Did you know that only half of women know how to perform a pelvic floor contraction and that one in three women who have had a baby wet themselves?
Your pelvic floor muscles are very important – and understanding how your pelvic floor works when you are trying to lose your pregnancy weight and lose stomach fat is equally as important and at Lose Baby Weight we are passionate about educating mums about the importance of taking care of your pelvic floor.
Your pelvic floor muscles are the muscles that hold in and support all of your pelvic organs. The muscles themselves stretch from your pubic bone to your tailbone – they are basically a big ‘shelf’ of muscle that supports all of the organs on top of them.
But what makes your pelvic floor important in the fight to lose your baby weight is the fact that these muscles work together with your stomach and back muscles to stabilise your spine. But whilst you work your pelvic floor to help prevent incontinence, you also help to improve your core, which in turn can help you to lose stomach fat.
What job do my pelvic floor muscles do?
- They help to hold the pelvic organs in place, especially when you do anything that exerts force such as coughing or laughing
- They help you to perform sexually
- They help to keep your pelvis stable
- They help to prevent incontinence
What happens to my pelvic floor muscles during birth?
When your baby travels through the birth canal, your pelvic floor muscles become stretched. These pelvic floor muscles become weak, and in more extreme cases, this can cause incontinence and prolapse of your pelvic organs.
How do I work my pelvic floor?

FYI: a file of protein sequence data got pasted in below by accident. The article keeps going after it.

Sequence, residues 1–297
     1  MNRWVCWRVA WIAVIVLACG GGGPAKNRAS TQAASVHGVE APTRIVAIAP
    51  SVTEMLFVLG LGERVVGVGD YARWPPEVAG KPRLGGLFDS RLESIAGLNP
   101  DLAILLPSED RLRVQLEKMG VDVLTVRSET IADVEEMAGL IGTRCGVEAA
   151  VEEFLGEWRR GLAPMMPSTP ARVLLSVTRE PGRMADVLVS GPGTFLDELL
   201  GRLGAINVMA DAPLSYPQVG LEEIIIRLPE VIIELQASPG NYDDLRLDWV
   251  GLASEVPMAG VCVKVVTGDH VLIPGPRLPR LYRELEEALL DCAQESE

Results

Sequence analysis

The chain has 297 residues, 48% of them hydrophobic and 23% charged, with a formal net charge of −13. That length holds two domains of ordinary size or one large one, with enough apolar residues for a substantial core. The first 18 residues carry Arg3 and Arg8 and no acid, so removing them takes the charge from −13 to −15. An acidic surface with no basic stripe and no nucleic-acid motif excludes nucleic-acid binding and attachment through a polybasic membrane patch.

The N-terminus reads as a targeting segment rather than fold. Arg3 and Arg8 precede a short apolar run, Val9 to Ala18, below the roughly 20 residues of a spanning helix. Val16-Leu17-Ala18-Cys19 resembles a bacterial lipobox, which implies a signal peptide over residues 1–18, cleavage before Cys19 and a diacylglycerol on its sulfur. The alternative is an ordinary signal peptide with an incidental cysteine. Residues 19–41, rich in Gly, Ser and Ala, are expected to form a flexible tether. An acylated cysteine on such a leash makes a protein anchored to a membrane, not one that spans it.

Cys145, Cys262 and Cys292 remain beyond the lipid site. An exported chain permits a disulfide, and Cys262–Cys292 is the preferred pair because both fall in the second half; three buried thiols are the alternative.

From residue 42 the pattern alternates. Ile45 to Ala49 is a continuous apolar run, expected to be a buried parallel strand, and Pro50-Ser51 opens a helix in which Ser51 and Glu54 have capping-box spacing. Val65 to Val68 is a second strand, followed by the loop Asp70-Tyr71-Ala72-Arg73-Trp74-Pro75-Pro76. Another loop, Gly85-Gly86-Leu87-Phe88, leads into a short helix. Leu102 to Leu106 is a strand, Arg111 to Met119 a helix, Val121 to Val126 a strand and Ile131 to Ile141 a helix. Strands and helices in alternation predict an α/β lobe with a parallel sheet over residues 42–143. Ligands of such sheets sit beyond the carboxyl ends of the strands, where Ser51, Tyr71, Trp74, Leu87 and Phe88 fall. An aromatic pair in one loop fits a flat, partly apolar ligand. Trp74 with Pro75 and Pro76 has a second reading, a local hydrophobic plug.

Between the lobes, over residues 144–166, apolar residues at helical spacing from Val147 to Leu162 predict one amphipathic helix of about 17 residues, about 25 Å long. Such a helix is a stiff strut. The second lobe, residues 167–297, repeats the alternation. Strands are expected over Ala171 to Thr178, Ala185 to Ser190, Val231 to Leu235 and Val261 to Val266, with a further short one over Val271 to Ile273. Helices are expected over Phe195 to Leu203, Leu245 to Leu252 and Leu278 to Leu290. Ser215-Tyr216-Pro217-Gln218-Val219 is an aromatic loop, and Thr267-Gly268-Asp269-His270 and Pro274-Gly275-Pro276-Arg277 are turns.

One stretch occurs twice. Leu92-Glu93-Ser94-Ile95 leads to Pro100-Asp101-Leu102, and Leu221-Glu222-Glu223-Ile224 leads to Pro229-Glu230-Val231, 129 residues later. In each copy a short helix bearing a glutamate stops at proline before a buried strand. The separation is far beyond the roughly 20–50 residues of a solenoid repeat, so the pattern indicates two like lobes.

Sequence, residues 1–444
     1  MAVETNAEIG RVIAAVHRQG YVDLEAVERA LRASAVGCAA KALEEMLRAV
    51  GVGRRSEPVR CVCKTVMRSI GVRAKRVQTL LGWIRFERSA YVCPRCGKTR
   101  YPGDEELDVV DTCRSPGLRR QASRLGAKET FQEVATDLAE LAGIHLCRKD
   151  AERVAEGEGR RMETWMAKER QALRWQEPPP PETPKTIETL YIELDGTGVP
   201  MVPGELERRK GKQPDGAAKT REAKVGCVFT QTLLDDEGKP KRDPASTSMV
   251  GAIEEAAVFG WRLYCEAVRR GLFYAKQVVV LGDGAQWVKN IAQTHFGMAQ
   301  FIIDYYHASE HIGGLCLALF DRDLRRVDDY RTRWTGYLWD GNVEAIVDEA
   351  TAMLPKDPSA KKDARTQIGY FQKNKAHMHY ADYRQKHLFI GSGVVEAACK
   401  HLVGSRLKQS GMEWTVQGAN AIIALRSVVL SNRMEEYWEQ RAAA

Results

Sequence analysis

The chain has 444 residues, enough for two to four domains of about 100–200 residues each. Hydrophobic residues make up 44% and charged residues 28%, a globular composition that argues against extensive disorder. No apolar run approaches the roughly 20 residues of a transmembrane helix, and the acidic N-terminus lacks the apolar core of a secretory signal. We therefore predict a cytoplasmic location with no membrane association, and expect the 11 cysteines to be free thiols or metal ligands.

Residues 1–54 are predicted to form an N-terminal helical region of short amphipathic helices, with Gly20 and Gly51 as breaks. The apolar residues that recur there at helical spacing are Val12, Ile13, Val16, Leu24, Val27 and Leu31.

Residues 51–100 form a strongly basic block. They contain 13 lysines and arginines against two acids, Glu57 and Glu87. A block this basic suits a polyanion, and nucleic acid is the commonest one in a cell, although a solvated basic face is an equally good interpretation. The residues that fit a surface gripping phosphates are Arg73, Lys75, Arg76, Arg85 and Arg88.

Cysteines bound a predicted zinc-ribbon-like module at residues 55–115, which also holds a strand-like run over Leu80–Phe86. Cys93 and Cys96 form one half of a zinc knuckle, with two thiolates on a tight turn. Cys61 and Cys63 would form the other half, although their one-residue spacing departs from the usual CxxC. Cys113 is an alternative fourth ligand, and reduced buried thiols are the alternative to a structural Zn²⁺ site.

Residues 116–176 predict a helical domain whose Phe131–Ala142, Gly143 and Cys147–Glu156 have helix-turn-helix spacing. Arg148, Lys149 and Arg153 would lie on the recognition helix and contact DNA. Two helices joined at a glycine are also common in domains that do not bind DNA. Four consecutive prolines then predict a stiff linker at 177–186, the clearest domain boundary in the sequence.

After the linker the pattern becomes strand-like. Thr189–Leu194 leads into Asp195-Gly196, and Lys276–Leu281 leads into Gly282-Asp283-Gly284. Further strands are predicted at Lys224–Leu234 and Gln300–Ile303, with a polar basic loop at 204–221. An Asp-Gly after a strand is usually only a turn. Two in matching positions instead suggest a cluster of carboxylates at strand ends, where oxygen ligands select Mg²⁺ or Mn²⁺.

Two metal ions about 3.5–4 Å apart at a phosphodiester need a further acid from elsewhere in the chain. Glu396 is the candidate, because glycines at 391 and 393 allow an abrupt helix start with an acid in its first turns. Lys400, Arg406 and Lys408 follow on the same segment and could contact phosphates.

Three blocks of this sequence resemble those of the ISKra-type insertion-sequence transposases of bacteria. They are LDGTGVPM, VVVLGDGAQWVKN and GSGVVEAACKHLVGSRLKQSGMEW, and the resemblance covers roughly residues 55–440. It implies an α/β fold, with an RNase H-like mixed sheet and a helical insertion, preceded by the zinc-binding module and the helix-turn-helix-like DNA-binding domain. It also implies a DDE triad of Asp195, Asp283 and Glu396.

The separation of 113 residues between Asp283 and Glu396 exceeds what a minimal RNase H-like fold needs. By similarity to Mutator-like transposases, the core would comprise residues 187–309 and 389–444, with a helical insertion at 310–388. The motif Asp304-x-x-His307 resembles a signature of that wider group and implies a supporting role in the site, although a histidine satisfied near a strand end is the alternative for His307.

- You need to contract your pelvic floor muscle – and you do this by engaging the muscle that stops the flow of urine. At first, you might want to practise whilst you’re on the toilet – stop the flow of urine whilst you’re urinating. That’s the muscle you need to engage.
- Lie flat on your back with your knees bent and feet flat.
- Keeping your back passage relaxed, you need to breathe gently through your front passage – contracting the muscle that stops the flow of urine. Some women also imagine that they are drawing a tampon upwards using their pelvic floor muscles.
- Keep the rest of your muscles relaxed and breathe through the exercise
- Once contracted, release the muscle so that you learn how to both contract and release that muscle
Pelvic floor exercise video –
Is there anything I shouldn’t do?
Try not to do the following:
- Brace your abdominal wall
- Clench your bum cheeks
- Clench your thigh muscles
- Tense your thigh muscles
Do I need to do pelvic floor exercises?
As with all exercises, your pelvic floor muscles and how strong or weak they are is personal to you. If you have a weak pelvic floor, and you experience symptoms such as a heavy feeling, a vaginal bulge, a lack of sexual sensation, incontinence or having to rush to the toilet, you do need to do pelvic floor exercises.
Should I avoid anything when I have a weak pelvic floor?
A weak pelvic floor can lead to embarrassing situations such as wetting yourself in public, and so there are some things that you should avoid until you’ve strengthened your pelvic floor again. Avoid high impact exercises such as running, jumping and jogging, as well as exercises that make you feel like you need to bear down or push down such as squatting or lifting.
If you can contract and release your pelvic floor during an exercise, and you can feel the difference between the two, you should be okay to continue the exercise. If you cannot feel the difference, you should probably stop doing the exercise until your pelvic floor muscles become stronger.
Every woman’s ability to both lose weight and strengthen her pelvic floor muscle is different, so if you are ever unsure or if you have any questions, speak to a doctor or your midwife. And if you are suffering from pelvic floor problems, don’t suffer in silence – you can strengthen your pelvic floor, it will just take some time.